Dave Murphy: Benching Carson Wentz for Jalen Hurts might be the only thing that can save Doug Pederson's job

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Olivier Vernon #54 of the Cleveland Browns sacks Carson Wentz #11 of the Philadelphia Eagles during the second half at FirstEnergy Stadium on November 22, 2020 in Cleveland, Ohio. - Gregory Shamus/Getty Images North America/TNS

Twenty-four hours after the latest fireable offense, it still wasn’t clear if Doug Pederson understood the gravity of the situation. For the third straight game, the Eagles’ offense had taken another step down on its linear path away from respectability. Yet, for a third straight week, an air of unjust persecution permeated Pederson’s words and mannerisms.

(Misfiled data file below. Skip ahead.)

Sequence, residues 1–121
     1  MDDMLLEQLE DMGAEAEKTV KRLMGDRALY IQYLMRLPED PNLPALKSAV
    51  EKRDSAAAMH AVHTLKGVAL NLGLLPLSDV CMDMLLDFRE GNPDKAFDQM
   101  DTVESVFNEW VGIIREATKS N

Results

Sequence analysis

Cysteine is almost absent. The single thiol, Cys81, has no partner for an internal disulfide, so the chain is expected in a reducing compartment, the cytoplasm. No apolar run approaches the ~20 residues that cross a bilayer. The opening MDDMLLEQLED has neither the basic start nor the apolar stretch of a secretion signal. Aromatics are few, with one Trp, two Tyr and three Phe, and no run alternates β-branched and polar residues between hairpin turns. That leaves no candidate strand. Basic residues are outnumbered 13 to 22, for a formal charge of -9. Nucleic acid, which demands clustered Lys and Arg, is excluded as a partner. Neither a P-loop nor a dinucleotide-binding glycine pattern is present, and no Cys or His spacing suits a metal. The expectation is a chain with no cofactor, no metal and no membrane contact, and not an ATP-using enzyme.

“In this city, it’s all about the QB and the head coach,” the head coach said. “Everybody else can almost go by the wayside, I guess.”

Granted, he isn’t wrong. Not in his words, and not in his intent. The Eagles could take the field with a quarterback and 10 Pop Warner players and the No. 1 topic on the radio after the loss would be the quarterback’s inability to win a game. That’s probably true in most NFL cities, but it is especially true in Philadelphia, where the only quarterbacks who deserved the job were Norm Van Brocklin, Nick Foles, and whoever happened to be backing up the rest. As for the head coach, well, if Pederson wanted to live forever as a hero, he should have turned the reins over to Frank Reich and taken the Colts job himself.

Instead, Pederson increasingly looks and sounds like a man who is determined to fulfill his own prophecy. Long before his job was in serious danger, he was talking and coaching like a man who’d had enough of it. From his uncharacteristic game-flow decision-making – punting for a tie, gift-wrapping the Cowboys a field goal at the end of the second half – to his hard-headed red-zone play-calling, to his shrug emoji usage of Jalen Hurts, Pederson often looks like a man whose head is somewhere other than the sideline.